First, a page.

My second book, Distilled in Maine: A History of Libations, Temperance and Craft Spirits, was published July 2015. It’s a tour of over six hundred years of Maine history as it relates to alcohol, including profiles of the nine (as of publication) craft distilleries in the state.
Portland Food: The Culinary Capital of Maine was published May 13, 2014 and is a profile of all the amazing people that make Portland’s food scene so fantastic.
Both books are available in a variety of retail stores in Maine, as well as independent and chain bookstores. Sherman’s Books, Longfellow Books, Gulf of Maine Books, Nonesuch Books, Elements, Maine Historical Society, and Letterpress Books carry it. You can also order your copy from my publisher, The History Press, or from Amazon.
If you’d like an autographed copy shipped to you, use the PayPal checkout below, and thanks!
I am available to speak to your group about the stories behind Portland Food and Distilled in Maine. Please contact me to arrange a book event at blueberryfiles [at] gmail.com. And thank you in advance!
Distilled in Maine: A History of Libations, Temperance, and Craft Spirits, by Kate McCarty; foreword by John Myers
Early Maine ran on sweet and fiery New England rum. Later, rapid industrial advances and ever-present drinking opportunities made daily life unnecessarily hazardous. Overindulgence triggered a severe backlash, a fierce temperance movement and eighty-two years of prohibition in the Pine Tree State. While the coastal state never really dried out, the Maine Law sent both serious and social drinking under the table for the better part of a century. Liquor crafted in Maine has slowly and quietly remade itself into a respected drink, imbued with history and representing the best of the state’s ingenuity and self-reliance. Contemporary distillers across the state are concocting truly local spirits while creative bartenders are mixing the new and old, bringing back the art of a fine drink. Join Portland food writer Kate McCarty on a spirited romp through the evolution of Maine’s relationship with alcohol.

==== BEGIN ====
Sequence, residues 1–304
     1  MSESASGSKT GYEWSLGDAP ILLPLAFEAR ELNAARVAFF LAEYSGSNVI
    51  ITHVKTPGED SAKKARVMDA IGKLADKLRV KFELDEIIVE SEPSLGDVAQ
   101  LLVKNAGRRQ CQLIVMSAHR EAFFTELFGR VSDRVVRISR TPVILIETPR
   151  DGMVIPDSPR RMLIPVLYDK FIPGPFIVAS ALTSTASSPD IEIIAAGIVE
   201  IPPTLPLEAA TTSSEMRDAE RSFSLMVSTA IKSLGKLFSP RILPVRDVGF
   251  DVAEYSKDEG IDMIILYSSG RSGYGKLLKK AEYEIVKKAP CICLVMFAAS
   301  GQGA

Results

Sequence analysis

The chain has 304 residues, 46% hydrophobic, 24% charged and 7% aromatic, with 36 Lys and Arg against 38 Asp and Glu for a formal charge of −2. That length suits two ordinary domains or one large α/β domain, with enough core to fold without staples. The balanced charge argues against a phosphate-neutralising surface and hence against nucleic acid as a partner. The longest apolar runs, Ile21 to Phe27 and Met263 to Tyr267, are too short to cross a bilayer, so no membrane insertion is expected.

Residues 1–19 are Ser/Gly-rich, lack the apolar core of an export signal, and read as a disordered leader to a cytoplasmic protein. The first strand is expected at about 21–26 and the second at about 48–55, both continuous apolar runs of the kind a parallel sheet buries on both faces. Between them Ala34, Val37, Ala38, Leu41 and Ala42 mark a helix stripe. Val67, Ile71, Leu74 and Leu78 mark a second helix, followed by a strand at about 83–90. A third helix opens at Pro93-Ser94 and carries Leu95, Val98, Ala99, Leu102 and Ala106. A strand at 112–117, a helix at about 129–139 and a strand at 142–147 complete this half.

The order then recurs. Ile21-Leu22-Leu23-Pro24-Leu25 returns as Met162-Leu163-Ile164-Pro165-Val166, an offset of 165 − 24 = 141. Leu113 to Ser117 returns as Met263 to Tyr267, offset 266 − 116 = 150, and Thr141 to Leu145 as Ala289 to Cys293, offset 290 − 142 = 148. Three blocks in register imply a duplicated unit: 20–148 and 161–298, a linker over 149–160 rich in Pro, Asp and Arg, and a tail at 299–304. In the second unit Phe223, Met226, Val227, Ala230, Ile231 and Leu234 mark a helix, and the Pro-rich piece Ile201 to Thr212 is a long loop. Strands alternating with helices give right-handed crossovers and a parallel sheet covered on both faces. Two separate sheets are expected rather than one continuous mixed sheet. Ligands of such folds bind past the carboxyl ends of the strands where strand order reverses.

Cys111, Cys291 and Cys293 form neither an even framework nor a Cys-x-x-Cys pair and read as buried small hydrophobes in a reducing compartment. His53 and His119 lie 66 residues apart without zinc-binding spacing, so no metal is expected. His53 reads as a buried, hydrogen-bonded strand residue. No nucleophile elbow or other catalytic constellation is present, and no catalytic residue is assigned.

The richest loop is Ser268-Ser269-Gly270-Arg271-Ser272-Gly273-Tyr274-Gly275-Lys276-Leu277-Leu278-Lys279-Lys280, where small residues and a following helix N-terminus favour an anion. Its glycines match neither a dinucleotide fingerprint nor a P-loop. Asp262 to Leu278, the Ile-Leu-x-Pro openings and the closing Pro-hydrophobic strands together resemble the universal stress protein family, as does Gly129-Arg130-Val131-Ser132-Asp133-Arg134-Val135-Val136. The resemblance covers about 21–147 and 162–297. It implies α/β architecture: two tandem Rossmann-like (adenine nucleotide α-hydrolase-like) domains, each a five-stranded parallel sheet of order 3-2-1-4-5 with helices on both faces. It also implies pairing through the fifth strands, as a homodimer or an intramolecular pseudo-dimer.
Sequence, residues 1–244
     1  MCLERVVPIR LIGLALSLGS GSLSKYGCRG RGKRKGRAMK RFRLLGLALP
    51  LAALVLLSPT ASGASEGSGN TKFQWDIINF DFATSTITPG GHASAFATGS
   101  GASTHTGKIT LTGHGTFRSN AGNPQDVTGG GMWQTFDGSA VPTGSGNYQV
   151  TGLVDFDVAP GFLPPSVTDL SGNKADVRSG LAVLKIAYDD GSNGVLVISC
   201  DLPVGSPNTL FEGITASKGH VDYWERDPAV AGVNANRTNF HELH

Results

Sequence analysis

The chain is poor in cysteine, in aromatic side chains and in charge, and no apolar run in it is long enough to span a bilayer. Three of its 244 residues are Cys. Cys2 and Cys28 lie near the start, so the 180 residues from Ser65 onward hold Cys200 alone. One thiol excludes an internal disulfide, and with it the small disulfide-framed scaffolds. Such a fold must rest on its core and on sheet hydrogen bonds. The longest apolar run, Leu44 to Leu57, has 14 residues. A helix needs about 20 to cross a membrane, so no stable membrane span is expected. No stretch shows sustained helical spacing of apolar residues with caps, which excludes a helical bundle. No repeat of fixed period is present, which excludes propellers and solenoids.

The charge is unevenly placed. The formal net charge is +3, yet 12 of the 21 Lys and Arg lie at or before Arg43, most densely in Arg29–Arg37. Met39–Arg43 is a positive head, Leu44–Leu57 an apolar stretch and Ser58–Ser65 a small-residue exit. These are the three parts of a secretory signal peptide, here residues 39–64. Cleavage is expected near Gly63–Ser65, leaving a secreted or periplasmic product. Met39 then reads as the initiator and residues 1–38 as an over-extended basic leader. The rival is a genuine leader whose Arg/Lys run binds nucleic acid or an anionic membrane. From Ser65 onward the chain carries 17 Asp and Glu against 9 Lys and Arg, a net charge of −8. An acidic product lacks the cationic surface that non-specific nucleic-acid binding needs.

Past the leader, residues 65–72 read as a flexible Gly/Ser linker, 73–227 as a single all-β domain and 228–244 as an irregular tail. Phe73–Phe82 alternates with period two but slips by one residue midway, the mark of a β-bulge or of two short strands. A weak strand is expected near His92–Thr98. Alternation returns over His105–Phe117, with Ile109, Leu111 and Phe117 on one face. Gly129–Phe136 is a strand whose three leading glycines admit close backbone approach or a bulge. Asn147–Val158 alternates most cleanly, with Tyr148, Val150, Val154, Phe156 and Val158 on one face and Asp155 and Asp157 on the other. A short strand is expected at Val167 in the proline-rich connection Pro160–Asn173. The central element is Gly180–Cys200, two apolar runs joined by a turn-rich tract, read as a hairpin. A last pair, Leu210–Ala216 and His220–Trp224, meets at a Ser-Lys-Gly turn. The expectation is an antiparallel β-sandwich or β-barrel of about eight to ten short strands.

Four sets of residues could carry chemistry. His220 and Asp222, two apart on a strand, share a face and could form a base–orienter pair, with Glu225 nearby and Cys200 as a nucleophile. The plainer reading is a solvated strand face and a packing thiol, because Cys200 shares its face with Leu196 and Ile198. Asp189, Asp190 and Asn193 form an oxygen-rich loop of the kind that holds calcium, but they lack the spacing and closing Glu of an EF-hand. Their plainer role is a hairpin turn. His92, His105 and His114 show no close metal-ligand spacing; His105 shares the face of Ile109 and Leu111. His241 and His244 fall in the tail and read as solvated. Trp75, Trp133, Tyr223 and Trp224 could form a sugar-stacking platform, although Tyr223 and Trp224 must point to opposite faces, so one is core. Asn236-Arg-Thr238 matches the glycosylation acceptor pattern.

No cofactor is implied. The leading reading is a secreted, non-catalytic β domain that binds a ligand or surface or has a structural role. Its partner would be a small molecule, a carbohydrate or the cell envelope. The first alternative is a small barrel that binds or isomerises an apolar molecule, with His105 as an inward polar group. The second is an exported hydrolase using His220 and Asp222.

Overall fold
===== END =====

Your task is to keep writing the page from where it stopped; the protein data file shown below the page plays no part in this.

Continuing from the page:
Portland Food: the Culinary Capital of Maine by Kate McCarty
Portland, Maine’s culinary cache belies its size. The vibrant food scene boasts more than three hundred restaurants, as well as specialty food businesses, farmers’ markets, pop-up dinners and food trucks. Since back-to-the-landers began to arrive in the 1970s, Maine’s abundant natural resources have been feeding local dreams of sustainability and resilience. Portland is uniquely primed for chefs and restaurateurs to draw on local agricultural and marine resources. Gulf of Maine fisheries and the working waterfront bring the freshest seafood to Portland’s palate, while Maine’s rural landscape is fertile ground for local farming. Local food writer Kate McCarty taps into the evolution of this little foodie city. Dig into Portland’s bounty, from classic lobster and blueberry pie to the avant-garde of the culinary cutting edge. Explore the unique restaurants, farmers, producers, community activists and food enthusiasts that create and drive Portland’s food scene.
|Salvage BBQ Smokehouse, Portland|